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Nature. 2017 May 25;545(7655):491-494. doi: 10.1038/nature22372. Epub 2017 May 17.

uORF-mediated translation allows engineered plant disease resistance without fitness costs.

Author information

1
Howard Hughes Medical Institute-Gordon and Betty Moore Foundation, Department of Biology, Duke University, Durham, North Carolina 27708, USA.
2
National Key Laboratory of Crop Genetic Improvement, National Centre of Plant Gene Research (Wuhan), Huazhong Agricultural University, 430070 Wuhan, China.

Abstract

Controlling plant disease has been a struggle for humankind since the advent of agriculture. Studies of plant immune mechanisms have led to strategies of engineering resistant crops through ectopic transcription of plants' own defence genes, such as the master immune regulatory gene NPR1 (ref. 1). However, enhanced resistance obtained through such strategies is often associated with substantial penalties to fitness, making the resulting products undesirable for agricultural applications. To remedy this problem, we sought more stringent mechanisms of expressing defence proteins. On the basis of our latest finding that translation of key immune regulators, such as TBF1 (ref. 3), is rapidly and transiently induced upon pathogen challenge (see accompanying paper), we developed a 'TBF1-cassette' consisting of not only the immune-inducible promoter but also two pathogen-responsive upstream open reading frames (uORFsTBF1) of the TBF1 gene. Here we demonstrate that inclusion of uORFsTBF1-mediated translational control over the production of snc1-1 (an autoactivated immune receptor) in Arabidopsis thaliana and AtNPR1 in rice enables us to engineer broad-spectrum disease resistance without compromising plant fitness in the laboratory or in the field. This broadly applicable strategy may lead to decreased pesticide use and reduce the selective pressure for resistant pathogens.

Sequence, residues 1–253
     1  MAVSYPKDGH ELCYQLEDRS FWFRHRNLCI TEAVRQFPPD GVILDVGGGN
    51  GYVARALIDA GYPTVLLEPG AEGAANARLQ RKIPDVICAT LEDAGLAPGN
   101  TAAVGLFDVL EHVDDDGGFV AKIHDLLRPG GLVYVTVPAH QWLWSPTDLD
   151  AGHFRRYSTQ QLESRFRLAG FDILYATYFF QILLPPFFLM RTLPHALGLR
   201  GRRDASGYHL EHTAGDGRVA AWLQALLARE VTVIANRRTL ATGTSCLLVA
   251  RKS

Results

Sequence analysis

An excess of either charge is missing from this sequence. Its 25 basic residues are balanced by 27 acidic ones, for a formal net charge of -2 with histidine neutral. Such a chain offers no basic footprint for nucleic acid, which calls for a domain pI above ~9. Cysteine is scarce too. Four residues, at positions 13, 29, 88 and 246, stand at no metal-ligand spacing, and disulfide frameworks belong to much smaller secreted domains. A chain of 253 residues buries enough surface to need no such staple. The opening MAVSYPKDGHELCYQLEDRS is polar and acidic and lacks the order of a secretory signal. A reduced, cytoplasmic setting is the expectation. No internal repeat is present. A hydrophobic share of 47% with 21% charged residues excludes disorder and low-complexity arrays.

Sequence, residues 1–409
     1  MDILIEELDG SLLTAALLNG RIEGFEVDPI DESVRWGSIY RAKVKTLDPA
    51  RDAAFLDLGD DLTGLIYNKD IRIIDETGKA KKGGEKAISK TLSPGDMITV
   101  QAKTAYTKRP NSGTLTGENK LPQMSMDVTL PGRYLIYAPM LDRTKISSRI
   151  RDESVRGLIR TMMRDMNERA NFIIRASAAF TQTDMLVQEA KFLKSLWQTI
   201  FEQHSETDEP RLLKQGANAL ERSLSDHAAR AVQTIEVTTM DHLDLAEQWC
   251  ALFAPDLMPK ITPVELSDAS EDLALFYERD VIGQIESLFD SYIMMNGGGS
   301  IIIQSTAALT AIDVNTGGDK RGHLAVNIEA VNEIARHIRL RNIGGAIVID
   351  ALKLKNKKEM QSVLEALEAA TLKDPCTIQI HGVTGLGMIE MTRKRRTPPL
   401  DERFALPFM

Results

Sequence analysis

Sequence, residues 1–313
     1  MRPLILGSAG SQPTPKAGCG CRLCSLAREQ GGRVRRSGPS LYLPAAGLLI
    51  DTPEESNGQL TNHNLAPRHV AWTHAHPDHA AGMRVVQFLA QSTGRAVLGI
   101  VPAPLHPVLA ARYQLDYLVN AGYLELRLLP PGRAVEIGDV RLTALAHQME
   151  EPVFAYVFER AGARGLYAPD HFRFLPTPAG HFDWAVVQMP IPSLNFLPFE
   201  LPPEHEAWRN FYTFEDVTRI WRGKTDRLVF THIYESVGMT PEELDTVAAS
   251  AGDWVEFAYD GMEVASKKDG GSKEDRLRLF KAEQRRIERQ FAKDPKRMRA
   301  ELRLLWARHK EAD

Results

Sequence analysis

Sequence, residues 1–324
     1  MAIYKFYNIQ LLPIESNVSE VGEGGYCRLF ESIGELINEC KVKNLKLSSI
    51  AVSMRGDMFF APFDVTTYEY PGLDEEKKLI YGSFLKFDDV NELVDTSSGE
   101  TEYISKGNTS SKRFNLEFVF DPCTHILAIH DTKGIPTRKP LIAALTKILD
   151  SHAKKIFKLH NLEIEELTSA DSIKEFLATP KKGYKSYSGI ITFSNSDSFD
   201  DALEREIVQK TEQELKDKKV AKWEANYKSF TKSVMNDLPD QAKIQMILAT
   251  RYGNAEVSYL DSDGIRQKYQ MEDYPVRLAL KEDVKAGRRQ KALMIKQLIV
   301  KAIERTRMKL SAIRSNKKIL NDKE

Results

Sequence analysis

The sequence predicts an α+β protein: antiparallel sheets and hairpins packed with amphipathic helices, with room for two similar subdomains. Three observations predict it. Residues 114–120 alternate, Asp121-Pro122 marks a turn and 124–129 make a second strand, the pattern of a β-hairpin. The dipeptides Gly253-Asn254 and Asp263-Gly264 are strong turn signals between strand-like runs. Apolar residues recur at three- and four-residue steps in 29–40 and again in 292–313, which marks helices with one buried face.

PMID:
28514448
PMCID:
PMC5532539
DOI:
10.1038/nature22372
[Indexed for MEDLINE]
Free PMC Article

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